Head and Neck Oncology Program Research
Carol R. Bradford, M.D., co-director
The Head and Neck Oncology Program provides advanced diagnostic techniques, management and rehabilitation for
patients with cancers of the head and neck. The program works in collaboration with specialists in otolaryngology,
radiation oncology, hematology/oncology, speech and language pathology, hospital dentistry and other related fields.
Thomas E. Carey, Ph.D., co-director
In a nationwide study headed by Gregory T. Wolf, M.D., researchers found that, in patients with advanced laryngeal cancer, radiation therapy combined with chemotherapy is as effective as traditional surgical treatment involving removal of the voice box, which causes loss of normal speech, swallowing and sense of smell functions. The finding is changing the standard treatment for this disease and is being extended to other cancers of the head and neck, as well as breast, rectum and bladder cancers. Modern microvascular reconstructive techniques also are being used to minimize the functional and cosmetic disabilities associated with these cancers.
The Program is also committed to understanding the molecular mechanisms of tumor progression, and the genes responsible for drug and radiation resistance that cause our current treatment methods to fail in some patients. Laboratory studies funded by National Cancer Institute and the National Institute for Dental and Craniofacial Research are investigating the genes associated with rapid tumor progression and response to therapy. Utilizing information gleaned from these studies, more effective treatment protocols are being designed for patients with the most deadly tumors and knowledge is being gained to improve the overall response to treatment.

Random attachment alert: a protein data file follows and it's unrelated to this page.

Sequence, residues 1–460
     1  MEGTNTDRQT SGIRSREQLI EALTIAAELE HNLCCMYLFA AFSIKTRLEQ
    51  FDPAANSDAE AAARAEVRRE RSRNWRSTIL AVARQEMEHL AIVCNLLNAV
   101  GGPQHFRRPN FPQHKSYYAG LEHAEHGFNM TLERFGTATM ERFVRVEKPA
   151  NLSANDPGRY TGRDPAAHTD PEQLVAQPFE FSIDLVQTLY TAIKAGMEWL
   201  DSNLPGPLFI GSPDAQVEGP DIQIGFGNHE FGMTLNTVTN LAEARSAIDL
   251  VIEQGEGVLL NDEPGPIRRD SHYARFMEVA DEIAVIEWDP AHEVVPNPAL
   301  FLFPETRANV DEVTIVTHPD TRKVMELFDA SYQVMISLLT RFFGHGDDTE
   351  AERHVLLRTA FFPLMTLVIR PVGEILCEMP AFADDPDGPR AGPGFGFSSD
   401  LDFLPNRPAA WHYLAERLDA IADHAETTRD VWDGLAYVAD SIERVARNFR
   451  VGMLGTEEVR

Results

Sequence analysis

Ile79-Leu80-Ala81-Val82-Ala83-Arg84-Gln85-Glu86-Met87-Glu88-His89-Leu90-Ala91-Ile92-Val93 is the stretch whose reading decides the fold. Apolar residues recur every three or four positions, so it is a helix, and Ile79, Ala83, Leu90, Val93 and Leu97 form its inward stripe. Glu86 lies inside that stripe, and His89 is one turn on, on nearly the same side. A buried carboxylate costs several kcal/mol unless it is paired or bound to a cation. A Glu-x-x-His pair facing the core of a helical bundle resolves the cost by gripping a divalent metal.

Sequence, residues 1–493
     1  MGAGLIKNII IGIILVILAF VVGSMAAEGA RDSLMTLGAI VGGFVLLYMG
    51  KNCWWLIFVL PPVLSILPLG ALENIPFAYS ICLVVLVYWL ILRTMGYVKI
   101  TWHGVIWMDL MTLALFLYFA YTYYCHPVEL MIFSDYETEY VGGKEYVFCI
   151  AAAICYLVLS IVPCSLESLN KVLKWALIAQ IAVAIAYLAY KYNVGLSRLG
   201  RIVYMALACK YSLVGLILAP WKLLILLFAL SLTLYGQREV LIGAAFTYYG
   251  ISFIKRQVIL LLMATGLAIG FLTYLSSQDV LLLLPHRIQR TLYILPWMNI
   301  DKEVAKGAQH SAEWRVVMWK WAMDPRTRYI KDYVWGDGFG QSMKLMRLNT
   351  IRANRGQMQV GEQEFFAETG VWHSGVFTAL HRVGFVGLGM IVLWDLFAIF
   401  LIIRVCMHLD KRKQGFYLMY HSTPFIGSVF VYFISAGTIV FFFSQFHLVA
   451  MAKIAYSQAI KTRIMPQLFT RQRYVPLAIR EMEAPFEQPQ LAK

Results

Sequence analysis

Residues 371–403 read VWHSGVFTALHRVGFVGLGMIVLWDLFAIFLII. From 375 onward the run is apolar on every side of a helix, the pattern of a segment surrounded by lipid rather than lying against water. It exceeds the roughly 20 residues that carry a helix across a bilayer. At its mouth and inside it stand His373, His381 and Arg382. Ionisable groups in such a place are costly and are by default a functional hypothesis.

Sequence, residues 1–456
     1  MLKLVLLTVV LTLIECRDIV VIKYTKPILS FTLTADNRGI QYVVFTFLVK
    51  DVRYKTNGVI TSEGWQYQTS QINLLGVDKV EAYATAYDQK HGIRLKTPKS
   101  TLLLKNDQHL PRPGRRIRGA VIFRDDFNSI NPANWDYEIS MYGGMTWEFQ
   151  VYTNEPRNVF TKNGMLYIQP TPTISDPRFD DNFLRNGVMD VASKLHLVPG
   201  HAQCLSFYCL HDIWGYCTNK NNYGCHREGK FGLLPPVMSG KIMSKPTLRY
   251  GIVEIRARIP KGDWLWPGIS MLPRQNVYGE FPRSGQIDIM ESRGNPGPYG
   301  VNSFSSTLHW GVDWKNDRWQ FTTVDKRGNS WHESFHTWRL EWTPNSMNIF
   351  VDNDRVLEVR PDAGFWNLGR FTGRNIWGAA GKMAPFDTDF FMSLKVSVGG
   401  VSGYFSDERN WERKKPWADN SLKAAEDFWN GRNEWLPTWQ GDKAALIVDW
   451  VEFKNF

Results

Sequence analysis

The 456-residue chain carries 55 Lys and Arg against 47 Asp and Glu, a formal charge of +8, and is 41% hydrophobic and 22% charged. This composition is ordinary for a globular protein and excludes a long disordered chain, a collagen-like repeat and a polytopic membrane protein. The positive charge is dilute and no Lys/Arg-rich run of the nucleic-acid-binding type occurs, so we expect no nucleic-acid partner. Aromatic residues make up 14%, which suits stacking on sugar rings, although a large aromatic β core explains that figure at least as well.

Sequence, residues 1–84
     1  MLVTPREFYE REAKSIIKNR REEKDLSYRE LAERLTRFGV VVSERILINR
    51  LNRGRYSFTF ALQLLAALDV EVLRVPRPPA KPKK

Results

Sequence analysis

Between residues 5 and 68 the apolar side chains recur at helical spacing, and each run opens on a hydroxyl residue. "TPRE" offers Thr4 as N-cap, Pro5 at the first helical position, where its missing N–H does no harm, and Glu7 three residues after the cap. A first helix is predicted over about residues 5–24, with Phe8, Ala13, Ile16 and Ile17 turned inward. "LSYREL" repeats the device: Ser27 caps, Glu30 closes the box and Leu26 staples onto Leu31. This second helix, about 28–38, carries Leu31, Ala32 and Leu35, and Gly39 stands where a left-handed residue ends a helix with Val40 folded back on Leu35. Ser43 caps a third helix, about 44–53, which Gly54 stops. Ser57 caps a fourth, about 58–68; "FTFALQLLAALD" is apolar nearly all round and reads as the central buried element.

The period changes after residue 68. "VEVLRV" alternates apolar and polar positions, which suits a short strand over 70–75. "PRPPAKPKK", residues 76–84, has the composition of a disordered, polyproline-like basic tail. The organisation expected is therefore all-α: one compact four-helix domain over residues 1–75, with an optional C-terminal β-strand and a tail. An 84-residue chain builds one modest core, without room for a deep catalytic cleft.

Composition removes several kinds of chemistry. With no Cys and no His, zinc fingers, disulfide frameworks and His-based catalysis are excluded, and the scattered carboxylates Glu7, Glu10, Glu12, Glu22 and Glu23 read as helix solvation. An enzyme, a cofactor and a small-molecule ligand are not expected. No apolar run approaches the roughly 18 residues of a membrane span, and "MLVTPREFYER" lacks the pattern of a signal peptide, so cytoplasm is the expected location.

The program was recently awarded a Specialized Program of Research Excellence (SPORE) Award of $1.7 million per year for five years from the National Cancer Institute and the National Dental and Craniofacial Research Institute to develop new research strategies and to translate new discoveries into the clinic to improve patient survival and quality of life. Novel strategies to starve tumors by inhibiting the blood supply are being modeled in the laboratory using a non-toxic new drug developed at the University of Michigan called Tetrathiomolybdate. The first clinical treatment protocol using this drug for patients with recurrent advanced head and neck cancer was recently opened. Preclinical studies are in progress to test whether the use of inhibitors of the proteins that block cell death in cancer cells could be utilized to overcome chemotherapy resistance in head and neck cancers.
Research TrainingFellowships in Advanced Training in Head and Neck Oncology Surgery